In the small hours of the night towards the close of 1932, there was a knock at Maiji's door. The saint himself opened the door. The caller, a man of some social standing was known to the saint. Without spending time on preliminaries the visitor mentioned the object of his untimely visit. He was in trouble. Somebody was about to institute legal proceedings against him. Some playful overtures he had made to a woman were the basis for the proposed legal action. Much dirty linen would be washed in public. The man had expressed regret, but the other side would not relent. Then he got the idea that such matters could be squared up by hard cash. Having unsuccessfully tapped a few others for raising funds, he had at last approached Maiji. Time was short; the next day they might go to court.

"I don't have money with me", Maiji told him," But since you have come to Mother in a penitent mood, I will move Her to save you. Do you agree to my terms?” The miserable man the sword of Democles hanging over him agreed, eagerly.

The visitor was made to lie on the carpet at the Lotus Feet of Mai, repeating certain mantras. He was not allowed to leave the place for three days, nor was he given food. A friend keeping watch over the activities of the opposite camp reported that the filing of the case had been delayed, because the man had suddenly developed fever. Maiji boldly sent word to him that his fever would not subside until and unless he gave up the idea of going to court, because his intended victim had surrendered to Mai.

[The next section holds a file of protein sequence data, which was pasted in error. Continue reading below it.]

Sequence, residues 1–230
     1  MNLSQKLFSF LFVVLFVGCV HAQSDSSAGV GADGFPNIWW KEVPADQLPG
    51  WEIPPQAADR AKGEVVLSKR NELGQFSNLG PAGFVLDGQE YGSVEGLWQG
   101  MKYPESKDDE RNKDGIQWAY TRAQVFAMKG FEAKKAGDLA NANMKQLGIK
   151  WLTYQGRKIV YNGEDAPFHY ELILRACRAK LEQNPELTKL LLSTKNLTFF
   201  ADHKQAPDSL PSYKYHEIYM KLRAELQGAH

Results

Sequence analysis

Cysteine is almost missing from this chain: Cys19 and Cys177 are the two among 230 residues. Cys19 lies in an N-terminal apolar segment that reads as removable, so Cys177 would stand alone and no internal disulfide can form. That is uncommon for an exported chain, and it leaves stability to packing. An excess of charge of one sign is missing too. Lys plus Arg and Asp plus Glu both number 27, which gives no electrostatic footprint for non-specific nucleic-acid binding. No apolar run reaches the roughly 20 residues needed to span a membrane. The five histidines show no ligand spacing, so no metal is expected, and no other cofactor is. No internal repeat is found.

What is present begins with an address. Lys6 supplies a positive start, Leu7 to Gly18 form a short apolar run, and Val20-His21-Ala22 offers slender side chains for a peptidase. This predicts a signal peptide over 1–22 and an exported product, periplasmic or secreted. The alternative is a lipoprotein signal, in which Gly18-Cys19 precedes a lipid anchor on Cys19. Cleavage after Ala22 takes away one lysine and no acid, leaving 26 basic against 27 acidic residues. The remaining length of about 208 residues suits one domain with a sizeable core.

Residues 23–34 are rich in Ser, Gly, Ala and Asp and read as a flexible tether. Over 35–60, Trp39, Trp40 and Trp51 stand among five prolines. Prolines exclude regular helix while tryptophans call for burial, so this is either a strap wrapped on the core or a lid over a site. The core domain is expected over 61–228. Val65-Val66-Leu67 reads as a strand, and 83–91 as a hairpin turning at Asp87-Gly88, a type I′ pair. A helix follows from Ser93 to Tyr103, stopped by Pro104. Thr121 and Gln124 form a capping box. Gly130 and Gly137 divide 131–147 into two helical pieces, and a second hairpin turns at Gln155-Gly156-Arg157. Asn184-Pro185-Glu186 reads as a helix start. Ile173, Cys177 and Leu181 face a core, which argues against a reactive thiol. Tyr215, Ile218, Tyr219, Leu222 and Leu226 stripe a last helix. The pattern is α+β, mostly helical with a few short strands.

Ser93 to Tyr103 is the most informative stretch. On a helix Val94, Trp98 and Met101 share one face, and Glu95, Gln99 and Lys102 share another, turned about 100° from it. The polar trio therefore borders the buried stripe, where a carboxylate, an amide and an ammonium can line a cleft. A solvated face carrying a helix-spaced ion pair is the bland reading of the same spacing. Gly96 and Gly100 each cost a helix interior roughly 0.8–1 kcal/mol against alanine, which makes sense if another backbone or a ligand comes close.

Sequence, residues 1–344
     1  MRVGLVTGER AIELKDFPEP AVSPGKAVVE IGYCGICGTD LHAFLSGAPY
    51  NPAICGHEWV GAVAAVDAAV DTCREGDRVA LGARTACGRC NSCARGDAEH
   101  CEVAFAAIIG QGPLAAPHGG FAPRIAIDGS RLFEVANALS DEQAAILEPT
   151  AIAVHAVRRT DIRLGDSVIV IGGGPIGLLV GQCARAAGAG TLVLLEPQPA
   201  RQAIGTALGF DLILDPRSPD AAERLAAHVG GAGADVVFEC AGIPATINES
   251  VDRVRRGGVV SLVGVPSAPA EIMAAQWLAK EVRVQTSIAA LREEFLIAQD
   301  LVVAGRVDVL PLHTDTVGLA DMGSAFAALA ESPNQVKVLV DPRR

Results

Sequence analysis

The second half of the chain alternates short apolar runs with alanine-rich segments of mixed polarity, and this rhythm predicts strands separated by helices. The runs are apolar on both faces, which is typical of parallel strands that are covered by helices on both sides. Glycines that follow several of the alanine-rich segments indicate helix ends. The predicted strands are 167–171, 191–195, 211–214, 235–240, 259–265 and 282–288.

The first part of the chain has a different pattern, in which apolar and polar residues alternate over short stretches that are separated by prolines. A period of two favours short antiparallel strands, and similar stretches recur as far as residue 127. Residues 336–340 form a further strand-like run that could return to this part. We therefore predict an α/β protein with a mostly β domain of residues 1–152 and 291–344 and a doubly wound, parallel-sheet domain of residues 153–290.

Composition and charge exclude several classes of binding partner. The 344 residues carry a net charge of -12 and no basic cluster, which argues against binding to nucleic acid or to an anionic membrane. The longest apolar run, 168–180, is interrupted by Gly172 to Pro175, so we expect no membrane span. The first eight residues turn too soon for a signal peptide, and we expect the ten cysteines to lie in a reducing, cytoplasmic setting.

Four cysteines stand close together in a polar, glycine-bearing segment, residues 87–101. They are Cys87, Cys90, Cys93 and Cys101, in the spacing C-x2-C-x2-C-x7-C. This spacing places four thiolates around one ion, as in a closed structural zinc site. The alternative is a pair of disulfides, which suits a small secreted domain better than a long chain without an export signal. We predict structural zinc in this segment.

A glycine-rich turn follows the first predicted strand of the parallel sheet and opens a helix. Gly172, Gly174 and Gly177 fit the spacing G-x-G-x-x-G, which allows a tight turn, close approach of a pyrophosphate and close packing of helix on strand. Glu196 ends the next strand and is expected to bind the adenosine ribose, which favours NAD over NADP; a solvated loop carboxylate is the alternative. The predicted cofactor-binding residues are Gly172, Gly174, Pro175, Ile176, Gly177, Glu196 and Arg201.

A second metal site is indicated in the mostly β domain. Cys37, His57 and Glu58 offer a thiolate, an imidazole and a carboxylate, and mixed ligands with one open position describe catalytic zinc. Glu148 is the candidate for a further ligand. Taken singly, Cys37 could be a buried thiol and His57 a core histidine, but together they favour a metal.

It was 8 p.m. on the fourth day. Maiji had to leave in an hour by the nine O'clock train for Dharwar. He was unhappy that no progress had been made in the matter he had undertaken. Just when He was beginning to despair, three persons walked in, a young man with fever just down, his wife and his mother. There was no need for introductions. Obviously, they were the persons trying to drag the other man into court. Without giving the newcomers time to air their grievances, Maiji addressed them in sweet words : “ I have no time. All of you prostrate to Mai. Forgive and forget the past. Mai will make you all happy. Take this Prasad”. The Prasad was Rs. 25/- taken from his own purse. The matter was thus settled.

Maiji often used to say Mai is Prapathi Sulabha - easily accessible to those who surrender to Her.

The saint rushed to the railway station fully knowing that He was late. But so was the train. He was happy to find that the second class compartment He entered was empty. He could commune with Mother without let or hindrance.